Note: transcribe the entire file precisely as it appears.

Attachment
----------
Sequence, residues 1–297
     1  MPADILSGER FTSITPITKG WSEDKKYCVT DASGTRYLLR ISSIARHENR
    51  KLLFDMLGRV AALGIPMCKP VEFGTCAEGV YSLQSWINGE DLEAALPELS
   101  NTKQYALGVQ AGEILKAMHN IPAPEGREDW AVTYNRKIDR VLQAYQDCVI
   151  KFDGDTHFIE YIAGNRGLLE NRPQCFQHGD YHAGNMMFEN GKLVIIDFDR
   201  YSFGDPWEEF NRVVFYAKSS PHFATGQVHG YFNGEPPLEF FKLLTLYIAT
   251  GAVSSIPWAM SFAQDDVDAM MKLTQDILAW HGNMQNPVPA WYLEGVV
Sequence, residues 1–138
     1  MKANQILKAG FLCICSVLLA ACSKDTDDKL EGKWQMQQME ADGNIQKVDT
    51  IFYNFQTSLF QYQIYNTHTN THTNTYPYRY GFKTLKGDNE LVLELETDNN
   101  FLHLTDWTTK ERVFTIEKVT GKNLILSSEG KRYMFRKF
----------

Sequence, residues 1–297
     1  MPADILSGER FTSITPITKG WSEDKKYCVT DASGTRYLLR ISSIARHENR
    51  KLLFDMLGRV AALGIPMCKP VEFGTCAEGV YSLQSWINGE DLEAALPELS
   101  NTKQYALGVQ AGEILKAMHN IPAPEGREDW AVTYNRKIDR VLQAYQDCVI
   151  KFDGDTHFIE YIAGNRGLLE NRPQCFQHGD YHAGNMMFEN GKLVIIDFDR
   201  YSFGDPWEEF NRVVFYAKSS PHFATGQVHG YFNGEPPLEF FKLLTLYIAT
   251  GAVSSIPWAM SFAQDDVDAM MKLTQDILAW HGNMQNPVPA WYLEGVV
Sequence, residues 1–138
     1  MKANQILKAG FLCICSVLLA ACSKDTDDKL EGKWQMQQME ADGNIQKVDT
    51  IFYNFQTSLF QYQIYNTHTN THTNTYPYRY GFKTLKGDNE LVLELETDNN
   101  FLHLTDWTTK ERVFTIEKVT GKNLILSSEG KRYMFRKF